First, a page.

The waiter stopped by my table and dropped off a menu as I waited for a colleague to join me. As I flipped through the pages, I noticed that each section of the menu (appetizers, vegetarian options, non-veg options, desserts) was broken up by a page of random food history.
It struck me that there might be a lesson in here for training professionals and instructional designers. A lesson that could reduce the amount of time they spend delivering superfluous content. Continue reading
You can tell me that bias exists in the workplace, that my co-workers have biases, that I myself have biases, and that we as a company… nay… we as a nation must do more to combat workplace biases in order to create the inclusive, representative organizations that we need, and I’ll believe you.
Just don’t tell me this stuff for an hour. Even this training-loving, left-leaning, rule-following do-gooder will tune out after 10 minutes. Continue reading
I received a Fitbit last Christmas and I love it for two reasons:
1) With heightened awareness of how sedentary my life had become, wearing the Fitbit has helped me realize I need to move more.
2) Thinking about everything that goes into the Fitbit has spawned a bunch of thoughts about behavior change, which is what learning and development is all about.
Following are 8 lessons that transfer quite well into the world of learning and development. Continue reading
We all have a “go-to move”. Danny Zuko had the old yawn-then-put-your-arm-around-Sandy’s-shoulders. Jimmy Superfly Snuka leapt from the top rope to head butt his opponents. A guy who lived across the hall from me in my freshman dorm had this irritating, unstoppable shot from just below the goal in Sega’s NHLPA Hockey ’93.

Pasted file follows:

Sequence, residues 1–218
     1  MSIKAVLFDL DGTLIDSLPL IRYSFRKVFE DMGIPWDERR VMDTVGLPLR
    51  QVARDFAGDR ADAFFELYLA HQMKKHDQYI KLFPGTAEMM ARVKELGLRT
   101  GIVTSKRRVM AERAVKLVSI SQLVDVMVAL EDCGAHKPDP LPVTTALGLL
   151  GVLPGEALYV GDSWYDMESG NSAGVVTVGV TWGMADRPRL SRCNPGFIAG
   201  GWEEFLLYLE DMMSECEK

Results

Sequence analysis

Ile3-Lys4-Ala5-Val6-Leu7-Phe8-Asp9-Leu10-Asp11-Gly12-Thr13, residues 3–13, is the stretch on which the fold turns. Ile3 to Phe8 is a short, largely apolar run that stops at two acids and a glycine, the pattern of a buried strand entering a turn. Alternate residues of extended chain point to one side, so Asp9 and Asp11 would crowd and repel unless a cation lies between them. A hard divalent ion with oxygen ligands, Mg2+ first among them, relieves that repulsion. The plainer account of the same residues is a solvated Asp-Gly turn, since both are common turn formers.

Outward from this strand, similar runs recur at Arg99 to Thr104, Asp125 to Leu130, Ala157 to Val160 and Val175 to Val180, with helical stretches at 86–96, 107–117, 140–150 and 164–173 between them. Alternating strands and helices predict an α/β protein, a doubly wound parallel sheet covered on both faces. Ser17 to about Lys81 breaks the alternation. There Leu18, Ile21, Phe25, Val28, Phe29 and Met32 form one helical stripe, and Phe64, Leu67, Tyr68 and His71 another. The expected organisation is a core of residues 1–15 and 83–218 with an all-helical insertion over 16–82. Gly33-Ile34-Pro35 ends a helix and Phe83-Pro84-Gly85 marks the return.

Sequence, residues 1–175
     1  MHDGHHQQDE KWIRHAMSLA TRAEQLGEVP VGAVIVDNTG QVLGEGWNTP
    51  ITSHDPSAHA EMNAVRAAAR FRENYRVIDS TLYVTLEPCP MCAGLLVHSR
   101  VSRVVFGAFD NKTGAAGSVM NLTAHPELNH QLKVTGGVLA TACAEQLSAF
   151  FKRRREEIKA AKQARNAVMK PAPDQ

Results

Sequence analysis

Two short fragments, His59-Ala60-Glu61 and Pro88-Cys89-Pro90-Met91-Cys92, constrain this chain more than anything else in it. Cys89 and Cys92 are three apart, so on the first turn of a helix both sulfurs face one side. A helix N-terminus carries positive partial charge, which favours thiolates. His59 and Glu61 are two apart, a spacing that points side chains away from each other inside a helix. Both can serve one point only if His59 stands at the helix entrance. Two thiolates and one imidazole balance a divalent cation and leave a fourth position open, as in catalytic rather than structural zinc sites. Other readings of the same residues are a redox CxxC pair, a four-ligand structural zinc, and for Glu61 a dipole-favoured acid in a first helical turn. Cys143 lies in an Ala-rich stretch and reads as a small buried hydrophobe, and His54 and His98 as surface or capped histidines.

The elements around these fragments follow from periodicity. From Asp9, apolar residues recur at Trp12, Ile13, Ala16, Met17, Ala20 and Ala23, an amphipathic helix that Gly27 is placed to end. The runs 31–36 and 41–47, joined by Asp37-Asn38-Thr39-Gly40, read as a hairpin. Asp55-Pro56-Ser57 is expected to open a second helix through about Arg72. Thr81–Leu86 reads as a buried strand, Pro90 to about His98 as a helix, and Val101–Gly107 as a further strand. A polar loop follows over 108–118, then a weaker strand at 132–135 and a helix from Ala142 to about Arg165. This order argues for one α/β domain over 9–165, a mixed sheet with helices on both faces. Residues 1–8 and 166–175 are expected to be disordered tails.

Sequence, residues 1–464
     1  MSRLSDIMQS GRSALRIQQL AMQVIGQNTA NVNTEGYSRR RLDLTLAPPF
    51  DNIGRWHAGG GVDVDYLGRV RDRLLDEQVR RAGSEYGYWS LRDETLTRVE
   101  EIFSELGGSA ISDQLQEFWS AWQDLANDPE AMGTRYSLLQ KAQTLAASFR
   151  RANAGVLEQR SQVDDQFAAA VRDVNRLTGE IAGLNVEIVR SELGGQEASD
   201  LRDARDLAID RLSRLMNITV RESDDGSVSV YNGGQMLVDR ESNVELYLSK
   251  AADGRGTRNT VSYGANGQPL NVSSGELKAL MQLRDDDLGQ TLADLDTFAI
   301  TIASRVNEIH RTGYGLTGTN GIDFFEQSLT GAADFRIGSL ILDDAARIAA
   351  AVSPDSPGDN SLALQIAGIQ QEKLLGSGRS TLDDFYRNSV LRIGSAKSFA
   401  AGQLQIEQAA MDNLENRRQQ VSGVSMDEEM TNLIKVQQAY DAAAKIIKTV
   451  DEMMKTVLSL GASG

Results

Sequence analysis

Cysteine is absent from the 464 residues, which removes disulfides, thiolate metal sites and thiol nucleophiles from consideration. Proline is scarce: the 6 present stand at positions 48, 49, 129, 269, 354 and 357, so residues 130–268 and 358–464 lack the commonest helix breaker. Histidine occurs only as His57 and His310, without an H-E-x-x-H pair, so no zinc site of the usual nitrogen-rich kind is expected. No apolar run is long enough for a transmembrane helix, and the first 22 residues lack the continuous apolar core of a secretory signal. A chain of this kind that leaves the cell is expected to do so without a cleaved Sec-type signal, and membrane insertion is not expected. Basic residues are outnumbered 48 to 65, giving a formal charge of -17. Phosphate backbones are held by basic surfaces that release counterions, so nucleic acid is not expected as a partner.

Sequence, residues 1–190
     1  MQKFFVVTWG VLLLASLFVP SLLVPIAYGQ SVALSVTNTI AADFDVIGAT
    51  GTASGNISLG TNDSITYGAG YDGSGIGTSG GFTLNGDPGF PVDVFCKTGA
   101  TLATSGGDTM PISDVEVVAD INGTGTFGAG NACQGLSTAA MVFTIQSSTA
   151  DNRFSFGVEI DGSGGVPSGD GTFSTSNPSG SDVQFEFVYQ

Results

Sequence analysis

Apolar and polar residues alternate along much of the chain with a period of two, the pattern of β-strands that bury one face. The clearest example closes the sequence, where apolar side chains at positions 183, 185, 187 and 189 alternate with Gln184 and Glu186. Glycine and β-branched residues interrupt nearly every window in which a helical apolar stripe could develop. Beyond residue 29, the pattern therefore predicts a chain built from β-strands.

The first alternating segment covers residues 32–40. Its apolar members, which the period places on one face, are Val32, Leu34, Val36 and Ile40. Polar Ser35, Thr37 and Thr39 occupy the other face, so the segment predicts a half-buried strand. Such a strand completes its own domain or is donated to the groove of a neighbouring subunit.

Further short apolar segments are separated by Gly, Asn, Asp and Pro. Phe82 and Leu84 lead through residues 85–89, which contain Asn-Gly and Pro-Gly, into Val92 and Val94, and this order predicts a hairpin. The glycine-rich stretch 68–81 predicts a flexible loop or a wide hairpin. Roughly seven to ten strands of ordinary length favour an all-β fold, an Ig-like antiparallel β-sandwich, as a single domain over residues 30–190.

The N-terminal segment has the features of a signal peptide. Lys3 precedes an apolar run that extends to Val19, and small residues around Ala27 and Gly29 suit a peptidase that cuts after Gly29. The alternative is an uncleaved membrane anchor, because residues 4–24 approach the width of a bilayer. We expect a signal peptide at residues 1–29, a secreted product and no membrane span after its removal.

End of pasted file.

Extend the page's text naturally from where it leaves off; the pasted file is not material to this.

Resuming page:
In the learning and development world, it’s that instructional strategy that seems to make its way into just about every one of our workshops or presentations.
Recently my go-to move has been an activity called “How I See It”. I first learned this activity as part of Casey Family Program’s training on racial and ethnic identity development called Knowing Who You Are (side note: this is the best diversity-related training I’ve ever attended). Here’s the activity in a nutshell: Continue reading
“Begin with the end in mind” is a pretty common rule of thumb when mapping out training programs. It sounds like wise advice… but what does it really mean?!
What’s the end? The end for whom? Are we talking about the end of the training program? Are we talking about when mastery of the content has occurred? Are we talking about the end of days?
Over the weekend, I spent some time with the curriculum planning team for a new certificate program in Workplace Learning and Professional Development at the University of Washington, and we began our planning session with these three questions: Continue reading
Whether you’re looking for your next position in facilitating workshops or you’re looking to put a new degree in instructional design to use in the “real world”, here are 10 questions you should be ready for in your next interview. In addition to being prepared to answer these questions, it might also be helpful to know why a hiring manager is asking such questions in the first place. In parentheses, I’ve added the “question(s) behind the question”. Continue reading